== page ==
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(Introduction: Beef up the intro, add what the assumptions for the tutorial are.)
(Stepping through "Hello World": fill in)

Revision as of 05:52, 27 November 2010

Note: this page is under construction. Feel free to help out!


1 Introduction

As with any tutorial, certain assumptions are inherent in the code and instructions presented below. In this case the primary assumptions are:

  • You are reasonably familiar with Haskell and in particular, writing code using the IO Monad.
  • You have successfully installed Gtk2Hs.
  • You believe using Glade to design your user interface is a good idea.

Bon chance, mes amis!

2 "Hello World" with Gtk2Hs

Start with the most basic working hello world app. Then we compile it...

Here's the most basic Gtk2Hs prog:

import Graphics.UI.Gtk

main = do
  window <- windowNew
  widgetShow window

2.1 Compiling "Hello World"

How to compile it with GHC on linux/mac/win32

> ghc --make Hello.hs -o hello

2.2 Stepping through "Hello World"

must be called once before calling any other Gtk2Hs functions. Therefore it is usually called near the beginning of
window <- windowNew
creates a top-level window and uses the identifier
to refer to it and pass it around later. Top-level windows are usually used as application windows, for example browser windows, terminal windows, and editor windows are top-level windows. Creation brings the window into internal existence but still not full existence: for one, the window is not shown, and most internal allocations required for showing are not done yet. Full existence will happen at the next line…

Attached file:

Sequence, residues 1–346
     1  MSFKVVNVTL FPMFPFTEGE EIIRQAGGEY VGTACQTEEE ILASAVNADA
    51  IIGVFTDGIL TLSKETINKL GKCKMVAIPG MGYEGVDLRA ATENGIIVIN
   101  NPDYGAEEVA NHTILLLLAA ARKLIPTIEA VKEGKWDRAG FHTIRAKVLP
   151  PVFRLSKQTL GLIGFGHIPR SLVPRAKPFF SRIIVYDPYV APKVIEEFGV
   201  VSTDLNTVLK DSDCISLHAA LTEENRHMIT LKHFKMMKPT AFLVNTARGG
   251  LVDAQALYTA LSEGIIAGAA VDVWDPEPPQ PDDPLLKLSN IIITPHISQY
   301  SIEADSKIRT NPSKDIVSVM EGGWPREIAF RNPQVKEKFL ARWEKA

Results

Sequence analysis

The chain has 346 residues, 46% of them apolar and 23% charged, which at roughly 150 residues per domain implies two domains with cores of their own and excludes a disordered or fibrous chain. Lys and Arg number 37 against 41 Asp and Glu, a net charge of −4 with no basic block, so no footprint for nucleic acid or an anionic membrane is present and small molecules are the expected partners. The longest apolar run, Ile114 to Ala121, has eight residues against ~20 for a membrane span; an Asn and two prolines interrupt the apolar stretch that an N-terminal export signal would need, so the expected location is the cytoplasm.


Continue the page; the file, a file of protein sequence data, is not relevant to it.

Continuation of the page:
(Meanwhile, between the above and below is a customary place to change settings of the window and add stuff to it, although you could also do them later.)

widgetShow window
completes the necessary internal allocations and shows the window. (
is very general and can show other things too — Widgets, which are covered in a later section.)
is a loop, and at this point it looks like an infinite loop to you — you find that this program seems to hang. The next section will present a normal way to exit the loop. Meanwhile, what is the significance of this loop?

The loop is required to process input, for example mouse movements and clicks, key presses and releases, windows getting moved or resized, losing focus, gaining focus, requests for redraws. The loop receives all this input and takes corresponding default actions; it can also call functions you write (in addition or instead). More on this in the next section.

3 Signals

The concept of event driven GUI programming. What GObject signals are (without necessarily mentioning the term GObject yet)

4 Widget types

The way that the class heiriaharcy is represented in Haskell using type classes. Breif mention of up casting & downcasting. We'll come back to downcasting in the glade section.

5 Attributes

Show the "set object [ attr := value ]" style syntax. Reccomend it over the more verbose "objectSetAttr object value" style.

6 Using Glade

We want to encourage people to use Glade to do their widget layout rather than doing it all in code. We can explain manual widget layout as a more advanced topic next.

Redo the hello world program using Glade.

7 Widget layout

Doing widget layout in code rather than with Glade.

8 Basic concepts

Brief explanation of basic and general concepts. With references to the API functions whenever possible. (probably in form of examples?).

 - signal
 - event
 - window
 - widget
 - container
 - box
 - layout
 - button
 - label

The idea is to get the user with as general and useful concepts as possible so it makes it easier for him to surf the API since the beginning and write simple code.